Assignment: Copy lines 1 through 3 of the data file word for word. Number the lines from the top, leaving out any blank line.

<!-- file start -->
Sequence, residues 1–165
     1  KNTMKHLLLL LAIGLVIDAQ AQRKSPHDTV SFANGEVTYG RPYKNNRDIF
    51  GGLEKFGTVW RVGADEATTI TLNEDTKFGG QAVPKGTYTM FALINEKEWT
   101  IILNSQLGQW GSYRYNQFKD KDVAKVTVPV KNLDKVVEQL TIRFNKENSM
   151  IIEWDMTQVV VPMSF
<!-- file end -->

Sequence, residues 1–165
     1  KNTMKHLLLL LAIGLVIDAQ AQRKSPHDTV SFANGEVTYG RPYKNNRDIF
    51  GGLEKFGTVW RVGADEATTI TLNEDTKFGG QAVPKGTYTM FALINEKEWT